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Grilling with a rub

kwilkinson

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Here's a place to post all your little secrets of grilling with a rub.

I found an amazing rub recipe from a friend that I plan on making tonight (been rubbed and sitting in the fridge since before work) but I don't know many of the insider tips of grilling with a rub.

Mainly, I know to throw it on the grill and grill it til it's done. I assume this would be good enough, but I know some of you'z guys are grillin studs, so hit me with your expertise.
 

Thomas

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Well, since you've rubbed it and are cooking it tonight there's not a lot I can tell you about this evening's grilling escapades.

However...

I did up a few briskets last weekend and they turned out really well. Smoky and juicy. Here's the skinny.

Trim the fat to 1/4 inch.
Slather a good dose of mustard on both sides.
The rub: Brown sugar, papricka, salt, black pepper, sage, maybe allspice or coriander or something else in there.
(for pork, add some ground clove...Pork + clove =
)

brisket: smoke maybe 8-10 hours with some charcoal, plus hickory and mesquite, alternating logs so one burns at a time. For ribs you can make do with 3-4 hours.

While you're smoking... prepare a spray bottle with a 'mop'. I use a bottle of beer (good stuff, like Sam Adams), Apple Cider vinegar (roughly 10-12 oz), and Lemon juice (a cup or so). Any time you see the rub forming a dry crust, mist with the mop until moist. You can use this for shorter duration cooking, but for smoking it's pretty well essential.
 

Thomas

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Oh, for pork or poulty - brine it first. Even a turkey, should you choose to grill one.
 

kwilkinson

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Thanks for the tips Thomas. 8-10 hours... That stuff is probably best reserved for a Saturday with multiple drinks in hand!


Originally Posted by merkur
Please share the recipe.

Mine was really basic, but it tasted incredible.
2 tbsp salt
2 tbsp sugar
2 tbsp brown sugar
2 tbsp chipotle powder
1 clove garlic (minced)
2 tbsp freshly ground black pepper
1/4 cup paprika
1 tbsp cayenne pepper.

Just get those all mixed up. I used a mortar and pestle, but mainly b/c I love using one, not b/c I thought it would be a better way to mix them up than any other method. Rub it on and let it sit 2-12 hours. Leave it in the fridge uncovered.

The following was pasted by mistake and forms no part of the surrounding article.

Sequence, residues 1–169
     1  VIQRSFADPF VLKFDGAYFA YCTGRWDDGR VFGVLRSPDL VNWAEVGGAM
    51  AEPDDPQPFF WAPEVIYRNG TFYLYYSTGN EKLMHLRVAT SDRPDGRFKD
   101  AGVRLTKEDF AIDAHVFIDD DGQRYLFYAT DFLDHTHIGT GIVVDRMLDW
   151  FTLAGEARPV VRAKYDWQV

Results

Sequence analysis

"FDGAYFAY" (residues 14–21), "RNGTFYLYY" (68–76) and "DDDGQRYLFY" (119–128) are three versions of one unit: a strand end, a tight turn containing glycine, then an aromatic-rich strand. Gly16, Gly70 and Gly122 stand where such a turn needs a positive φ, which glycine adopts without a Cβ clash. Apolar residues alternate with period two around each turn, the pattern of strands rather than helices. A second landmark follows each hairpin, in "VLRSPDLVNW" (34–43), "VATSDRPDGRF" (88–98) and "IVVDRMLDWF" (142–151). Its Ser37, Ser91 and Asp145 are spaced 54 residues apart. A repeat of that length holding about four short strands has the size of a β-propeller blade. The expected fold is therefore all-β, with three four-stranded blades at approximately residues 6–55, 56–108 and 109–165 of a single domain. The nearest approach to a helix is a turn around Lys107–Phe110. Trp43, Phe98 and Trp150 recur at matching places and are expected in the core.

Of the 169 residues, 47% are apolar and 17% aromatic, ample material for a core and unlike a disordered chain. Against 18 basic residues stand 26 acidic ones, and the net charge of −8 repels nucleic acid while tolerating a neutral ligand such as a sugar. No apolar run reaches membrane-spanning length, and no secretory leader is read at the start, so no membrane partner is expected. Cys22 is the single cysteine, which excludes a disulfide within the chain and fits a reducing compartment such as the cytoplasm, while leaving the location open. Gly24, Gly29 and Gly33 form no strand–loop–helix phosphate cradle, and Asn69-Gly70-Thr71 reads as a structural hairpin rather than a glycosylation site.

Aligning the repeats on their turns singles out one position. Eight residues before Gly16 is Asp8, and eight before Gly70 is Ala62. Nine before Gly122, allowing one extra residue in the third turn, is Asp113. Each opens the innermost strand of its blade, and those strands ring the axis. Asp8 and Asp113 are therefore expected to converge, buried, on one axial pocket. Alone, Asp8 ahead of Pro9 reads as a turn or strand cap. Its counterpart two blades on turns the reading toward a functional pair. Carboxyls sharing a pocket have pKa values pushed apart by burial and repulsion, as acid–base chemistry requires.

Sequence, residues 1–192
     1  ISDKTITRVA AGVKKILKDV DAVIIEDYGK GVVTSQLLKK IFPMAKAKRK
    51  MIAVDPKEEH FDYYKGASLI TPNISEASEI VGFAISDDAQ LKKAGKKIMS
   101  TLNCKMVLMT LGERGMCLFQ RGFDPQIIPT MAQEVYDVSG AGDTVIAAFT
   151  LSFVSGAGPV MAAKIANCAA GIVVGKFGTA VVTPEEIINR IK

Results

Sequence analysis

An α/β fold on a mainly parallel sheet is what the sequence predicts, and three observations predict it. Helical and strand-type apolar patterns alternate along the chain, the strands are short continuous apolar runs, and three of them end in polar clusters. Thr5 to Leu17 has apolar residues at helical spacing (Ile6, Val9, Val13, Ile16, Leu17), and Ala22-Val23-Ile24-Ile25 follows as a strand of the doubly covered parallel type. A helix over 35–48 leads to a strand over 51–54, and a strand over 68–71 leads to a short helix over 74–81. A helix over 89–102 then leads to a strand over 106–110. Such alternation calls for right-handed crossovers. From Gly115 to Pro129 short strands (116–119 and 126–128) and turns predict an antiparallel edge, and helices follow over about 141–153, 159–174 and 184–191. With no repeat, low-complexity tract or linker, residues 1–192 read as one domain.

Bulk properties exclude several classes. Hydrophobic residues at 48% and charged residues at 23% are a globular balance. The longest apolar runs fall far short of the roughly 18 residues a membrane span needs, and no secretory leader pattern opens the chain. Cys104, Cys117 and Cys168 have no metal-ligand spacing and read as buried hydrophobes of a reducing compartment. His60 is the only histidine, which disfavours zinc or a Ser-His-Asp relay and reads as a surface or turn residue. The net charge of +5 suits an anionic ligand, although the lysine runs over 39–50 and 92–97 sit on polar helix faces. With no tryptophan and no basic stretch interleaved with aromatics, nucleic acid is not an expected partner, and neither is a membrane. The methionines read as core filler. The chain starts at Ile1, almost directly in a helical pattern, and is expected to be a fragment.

I added garlic clove instead of garlic powder like the recipe called for b/c I really like just that little bit of texture that the minced garlic added.

My oh my was it a good dinner though. It was so flavorful! It was spicy, but the spicy came as an aftertaste to the flavor, which is important to me. I love hot food but hate it when people give you a ton of heat and sacrifice flavor. So on the first bite it tastes great and then you swallow and you can feel the heat rising, oh it was good.

Also, this was my first time ever grilling with a rub, and when I had my chicken in the fridge all day, the rub got watery by the time I got home. I assume this is from the chicken thawing out more, condensating a little, whatever. I don't know if it affected the rub or not, but does anyone know how to keep it from happening?
 

Thomas

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Kwilk,

With chicken it's unavoidable. You've got moist meat inside and dry spice outside, but... You might try brining the chicken for a few hours, then drying it and then applying the rub as the grill warms up. Or, accept that the rub gets wet, and let the grill dry it out.

...8-10 hours...great for dinner, sucks for lunch, although, you can smoke a brisket a day or so prior and re-heat in the oven.
 

Thomas

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I'll use the oven for turkey but that's about it. The rest goes on a charcoal grill. First one was a cut-open 55-gallon drum (which still worked great), and the current one is a double-walled smoker/grill. Eventually I may just do up a brick pit if I ever wear the current one out.
 

life_interrupts

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+1 on brining chicken or other poultry. It's the only to infuse any real flavor grilling.

Here's a rub I learned about this weekend at the cooking class Be Better Guys hosted at PS 7's restaurant in DC. Carroway seed, black peppercorns, salt and thyme for steak. Mix 1 part carroway seed to 1/2 part peppercorns. Grind coarsely in coffee grinder or with mortar and pestle. Add 1/4 part salt (or to taste), and a few sprigs of thyme, and mix. Drizzle a bit of oil on the steak, and apply the rub on both sides. Really tasty.
 

SantosLHalper

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+1 for brining. I'd brine any meat if you have the chance. It adds moisture and flavor in a way that marinade cannot, and is especially helpful if you are smoking meat. Almost all poultry benefits from a brine, as they are prone to drying out in the oven, grill or smoker.

As far as the rub goes, it's helpful to know what and how you are cooking. Putting sugar in a rub is risky, since the sugar is likely to burn on the grill well before the meat is done. If you are making real BBQ, sugar in the rub is acceptable.

One of my favorite rubs for pork, chicken, or fish is:
- 2 parts each coriander and fennel seeds (toasted and coarsely ground)
- 1 part each black pepper and kosher salt.
It's great on pork, but works well on nearly anything except beef.

For grilled steak, I am partial to a lot of sea salt and crushed black pepper, but another rub I have used with success is:
- 4 parts toasted and ground ancho chile
- 2 parts kosher salt and black pepper
- 1 part each of cumin, ground espresso and garlic powder.
You won't taste the coffee directly, but it adds some depth.
 

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